If you choose a destination for which you see multiple options, Orbitz’ packaging matrix can be an easy way to find the best deal. But it?s still a good idea to try booking your air and hotel separately—on Orbitz or another site—to compare the total price.


Travelocity’s “TotalTrip” sale:

Save up to $80 on last-minute packages

Travelocity’s “TotalTrip” also requires a single destination, so my search was based on a similar nine-night vacation on Kauai. But since my preferred hotel couldn’t be packaged with airfare, I picked a different property in order to facilitate the comparison. Also, similar to Orbitz, you can only book airfare and hotel as part of your vacation; a Travelocity spokesperson said the company expects to integrate car rentals into its packages soon, probably in January 2004.

Individual components Price +
Flights Boston to Kauai (depart November 21 on United,
return November 30 on United)
Hotel Radisson Kauai Beach Resort (nine nights, ocean view) $2,542
+ All prices are for two people; all taxes and fees included
Type of package Package price Booked separately
on Travelocity
Package savings
Air-hotel $4,551 $6,109 $1,558 ($779 pp)

Of all three companies, Travelocity fared the best with the sample vacation I chose, with substantial savings from booking an air-and-hotel package. (Oddly, though, the cheapest package used a more expensive flight option; for airfare alone, you could save over $180 per person by booking a return through San Francisco instead of Los Angeles, and arrive home all of 14 minutes later.)

One drawback, however, is a fairly limited set of hotel choices; compared to dozens of options by searching through its hotel tab, vacation packages only turned up seven different properties. (Like other sites, you can choose the type of room you want, and the rate will adjust accordingly.) According to the company, that?s because the vacation packages only use its “merchant hotels,” the ones for which it has negotiated especially good rates.

Despite the apparent savings, the same warning applies about shopping other websites for better deals. Using the same components that are in Travelocity’s package, the same flight, booked on Orbitz, and the same hotel room, booked at Radisson’s website, totaled $4,504 for two people—a small but significant savings over Travelocity’s “TotalTrip” price.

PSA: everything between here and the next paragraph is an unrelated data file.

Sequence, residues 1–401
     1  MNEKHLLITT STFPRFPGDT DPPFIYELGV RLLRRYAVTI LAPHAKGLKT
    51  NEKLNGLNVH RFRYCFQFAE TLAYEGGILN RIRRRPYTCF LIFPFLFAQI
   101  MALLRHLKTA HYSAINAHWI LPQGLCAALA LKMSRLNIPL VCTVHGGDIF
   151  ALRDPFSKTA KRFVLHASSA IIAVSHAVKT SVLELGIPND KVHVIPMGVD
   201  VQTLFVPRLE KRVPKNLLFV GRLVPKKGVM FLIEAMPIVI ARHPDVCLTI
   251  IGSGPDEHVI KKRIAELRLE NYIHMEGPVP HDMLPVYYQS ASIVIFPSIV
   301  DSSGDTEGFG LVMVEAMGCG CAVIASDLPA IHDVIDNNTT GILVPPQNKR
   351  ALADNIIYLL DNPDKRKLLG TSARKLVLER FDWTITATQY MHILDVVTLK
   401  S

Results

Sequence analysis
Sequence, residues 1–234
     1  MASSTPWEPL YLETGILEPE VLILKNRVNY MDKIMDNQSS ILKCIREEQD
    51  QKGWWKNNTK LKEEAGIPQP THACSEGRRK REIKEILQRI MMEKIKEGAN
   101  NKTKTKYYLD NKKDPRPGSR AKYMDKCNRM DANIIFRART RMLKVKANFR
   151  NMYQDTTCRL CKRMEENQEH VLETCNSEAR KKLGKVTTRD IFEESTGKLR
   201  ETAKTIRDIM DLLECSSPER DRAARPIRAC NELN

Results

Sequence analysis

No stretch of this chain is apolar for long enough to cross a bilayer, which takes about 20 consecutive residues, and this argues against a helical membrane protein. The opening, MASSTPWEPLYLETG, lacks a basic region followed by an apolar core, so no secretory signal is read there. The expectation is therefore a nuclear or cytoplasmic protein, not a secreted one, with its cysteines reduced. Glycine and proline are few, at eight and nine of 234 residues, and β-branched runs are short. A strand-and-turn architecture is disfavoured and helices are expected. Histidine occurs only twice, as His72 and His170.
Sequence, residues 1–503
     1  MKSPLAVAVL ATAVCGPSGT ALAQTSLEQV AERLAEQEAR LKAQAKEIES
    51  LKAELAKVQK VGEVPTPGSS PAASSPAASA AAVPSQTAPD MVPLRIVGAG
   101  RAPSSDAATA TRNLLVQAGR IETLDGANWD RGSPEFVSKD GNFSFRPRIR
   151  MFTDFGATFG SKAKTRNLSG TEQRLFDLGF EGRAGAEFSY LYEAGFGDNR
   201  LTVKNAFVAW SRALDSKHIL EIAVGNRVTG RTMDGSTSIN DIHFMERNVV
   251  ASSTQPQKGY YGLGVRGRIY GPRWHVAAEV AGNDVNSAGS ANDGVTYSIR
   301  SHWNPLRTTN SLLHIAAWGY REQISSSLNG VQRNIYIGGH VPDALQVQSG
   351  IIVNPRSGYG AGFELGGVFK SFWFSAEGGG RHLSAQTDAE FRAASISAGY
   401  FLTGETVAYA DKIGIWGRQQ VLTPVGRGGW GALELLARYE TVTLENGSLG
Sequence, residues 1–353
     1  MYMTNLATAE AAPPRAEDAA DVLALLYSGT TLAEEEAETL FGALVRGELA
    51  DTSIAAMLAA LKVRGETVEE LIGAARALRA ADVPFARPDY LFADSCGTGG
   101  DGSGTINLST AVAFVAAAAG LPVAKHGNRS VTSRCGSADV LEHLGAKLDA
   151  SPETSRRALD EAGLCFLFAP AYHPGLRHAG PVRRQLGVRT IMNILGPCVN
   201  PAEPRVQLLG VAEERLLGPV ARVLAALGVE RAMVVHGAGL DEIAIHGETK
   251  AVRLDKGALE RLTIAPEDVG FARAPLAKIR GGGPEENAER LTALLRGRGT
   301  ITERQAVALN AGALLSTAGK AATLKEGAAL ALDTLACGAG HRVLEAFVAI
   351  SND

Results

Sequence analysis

The bottom line

I advised my friends to tread carefully before booking a vacation package on any of these sites. Be sure to ask these questions before you take the plunge yourself:

  • Is it possible to book any of the components of your package elsewhere—on the same website or another provider—that would make the overall price cheaper?
  • When looking at hotel or car rates, are you comparing the same room type and car class? And are all taxes and fees included in both the individual and package prices?
  • Is the proposed vacation showing you all of the available flight, hotel, and car choices? Can you get a cheaper car or the specific hotel that you want by booking somewhere else?

In the end, my friends decided not to go for a package deal. They booked their hotels with Expedia, and decided to reserve a car separately, since they knew that they could cancel that reservation if they happened to find a lower rate later. And because airfare was by far the most expensive part of their trip, they opted to use frequent flyer miles and travel first class. If you have enough miles, a free ticket is always the easiest way to save.

* * *

Last month, I rated flexible search tools from Orbitz and America West, but since then, a new player has entered the mix. Southwest’s Shortcut to Low Fares lets you see a color-coded display of the lowest available fares within a four-week window, and gives you the ability to shift the calendar by one to four weeks at a time. It’s a very handy way to see the price you can expect to pay for a specified travel date, and to find low-fare alternatives. Remember that Southwest’s fares aren?t available through any other booking systems, so it’s a good idea to bookmark this page to use as part of any airfare search you do online.